Jack Kilmer, son of actor Val Kilmer, is also pursuing a career interest similar to his father’s. However, like Lynch he isn’t specifically shadowing in his parents’ footsteps. Jack feels boldly about his autonomy as a creative. While the industry is still powerful and films are still created by large motion picture studios, the climate has adjusted. “The industry my parents thrived in doesn’t exist anymore,” Kilmer explains. “It’s changed and adapted like the technology used to make it. I can see a shift in power tilting in our favor. Like a teeter totter on the bottom are the old fat abusive Hollywood executives and the top are us who don’t need to ask for permission anymore.” This is how Lynch’s short was made: without Hollywood execs.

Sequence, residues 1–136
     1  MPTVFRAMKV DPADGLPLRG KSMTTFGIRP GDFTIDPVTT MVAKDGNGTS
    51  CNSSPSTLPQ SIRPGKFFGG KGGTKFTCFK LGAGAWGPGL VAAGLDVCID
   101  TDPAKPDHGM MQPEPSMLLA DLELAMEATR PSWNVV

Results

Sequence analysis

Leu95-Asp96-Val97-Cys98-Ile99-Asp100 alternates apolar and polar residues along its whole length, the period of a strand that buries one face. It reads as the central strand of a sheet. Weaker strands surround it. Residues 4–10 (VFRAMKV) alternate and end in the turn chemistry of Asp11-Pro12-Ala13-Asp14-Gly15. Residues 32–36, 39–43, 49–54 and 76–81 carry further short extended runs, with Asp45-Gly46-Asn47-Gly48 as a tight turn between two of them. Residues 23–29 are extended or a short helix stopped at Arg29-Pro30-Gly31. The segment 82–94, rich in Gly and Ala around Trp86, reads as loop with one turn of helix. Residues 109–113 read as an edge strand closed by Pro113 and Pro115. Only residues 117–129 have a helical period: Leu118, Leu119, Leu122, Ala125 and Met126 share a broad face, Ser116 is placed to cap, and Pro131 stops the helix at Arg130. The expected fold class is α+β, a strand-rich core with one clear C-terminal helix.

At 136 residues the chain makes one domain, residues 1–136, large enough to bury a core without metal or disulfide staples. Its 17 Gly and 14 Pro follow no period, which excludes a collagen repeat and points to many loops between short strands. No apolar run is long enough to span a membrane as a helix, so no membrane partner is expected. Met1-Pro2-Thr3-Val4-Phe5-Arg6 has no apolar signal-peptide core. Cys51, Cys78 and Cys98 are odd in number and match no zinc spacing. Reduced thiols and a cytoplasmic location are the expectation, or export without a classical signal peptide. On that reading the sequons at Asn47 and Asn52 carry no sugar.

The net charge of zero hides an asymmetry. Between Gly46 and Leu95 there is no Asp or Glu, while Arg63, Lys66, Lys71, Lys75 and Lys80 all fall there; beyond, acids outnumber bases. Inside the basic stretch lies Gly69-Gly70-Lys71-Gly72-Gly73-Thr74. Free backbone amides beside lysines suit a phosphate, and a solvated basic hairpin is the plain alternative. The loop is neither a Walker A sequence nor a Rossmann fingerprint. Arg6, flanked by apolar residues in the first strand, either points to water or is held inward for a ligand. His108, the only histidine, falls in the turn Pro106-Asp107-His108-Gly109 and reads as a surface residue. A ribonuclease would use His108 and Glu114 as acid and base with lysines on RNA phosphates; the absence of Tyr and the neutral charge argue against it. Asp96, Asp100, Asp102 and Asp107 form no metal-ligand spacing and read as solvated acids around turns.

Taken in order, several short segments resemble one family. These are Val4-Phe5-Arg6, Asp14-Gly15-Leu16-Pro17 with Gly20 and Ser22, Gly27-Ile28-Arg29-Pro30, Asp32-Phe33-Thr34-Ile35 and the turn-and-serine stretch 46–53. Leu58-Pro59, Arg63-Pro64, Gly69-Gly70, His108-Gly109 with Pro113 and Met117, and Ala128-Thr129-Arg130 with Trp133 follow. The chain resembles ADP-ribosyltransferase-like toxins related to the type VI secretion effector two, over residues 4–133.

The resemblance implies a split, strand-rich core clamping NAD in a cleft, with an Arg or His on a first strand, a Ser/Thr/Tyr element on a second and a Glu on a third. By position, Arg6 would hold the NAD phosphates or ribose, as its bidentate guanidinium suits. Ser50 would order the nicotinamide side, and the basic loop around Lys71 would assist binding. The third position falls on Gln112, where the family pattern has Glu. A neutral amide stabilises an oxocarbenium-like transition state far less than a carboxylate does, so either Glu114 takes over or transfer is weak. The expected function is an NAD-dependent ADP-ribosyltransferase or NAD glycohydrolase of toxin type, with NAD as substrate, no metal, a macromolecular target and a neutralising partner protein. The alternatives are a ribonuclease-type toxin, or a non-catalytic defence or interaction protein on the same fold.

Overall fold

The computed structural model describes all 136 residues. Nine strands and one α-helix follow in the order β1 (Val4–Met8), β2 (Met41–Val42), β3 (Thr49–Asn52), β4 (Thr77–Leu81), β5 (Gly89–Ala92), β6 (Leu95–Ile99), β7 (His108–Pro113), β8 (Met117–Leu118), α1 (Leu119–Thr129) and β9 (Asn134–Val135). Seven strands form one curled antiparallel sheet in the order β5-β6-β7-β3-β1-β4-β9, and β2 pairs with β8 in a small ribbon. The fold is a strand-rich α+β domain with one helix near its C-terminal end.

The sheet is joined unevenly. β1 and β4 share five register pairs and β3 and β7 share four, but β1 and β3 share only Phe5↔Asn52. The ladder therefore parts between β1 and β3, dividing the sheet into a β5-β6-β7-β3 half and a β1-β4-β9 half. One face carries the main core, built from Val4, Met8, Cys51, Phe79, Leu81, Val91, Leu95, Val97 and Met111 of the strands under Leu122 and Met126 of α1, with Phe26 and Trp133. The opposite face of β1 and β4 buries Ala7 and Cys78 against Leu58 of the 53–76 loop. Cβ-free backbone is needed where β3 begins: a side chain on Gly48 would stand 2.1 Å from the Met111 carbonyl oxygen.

“I have a responsibility to continue making,” Lynch says. “Keep telling stories until it stops making me happy. Until that moment I’ll keep putting one foot in front of the other. I would offer the same advice to any other industry spawn.” He may be keeping independent films alive, but there is inherent prestige and thus privilege in his namesake. A devil’s advocate may claim that Jack, the aspiring musician from rural Wisconsin, may desire to go to Los Angeles amongst his tour destinations. This is not the intention of his character, however, an awareness is required to understand that while Los Angeles-raised youth are creating narratives to escape LA, other people are still keen to enter it.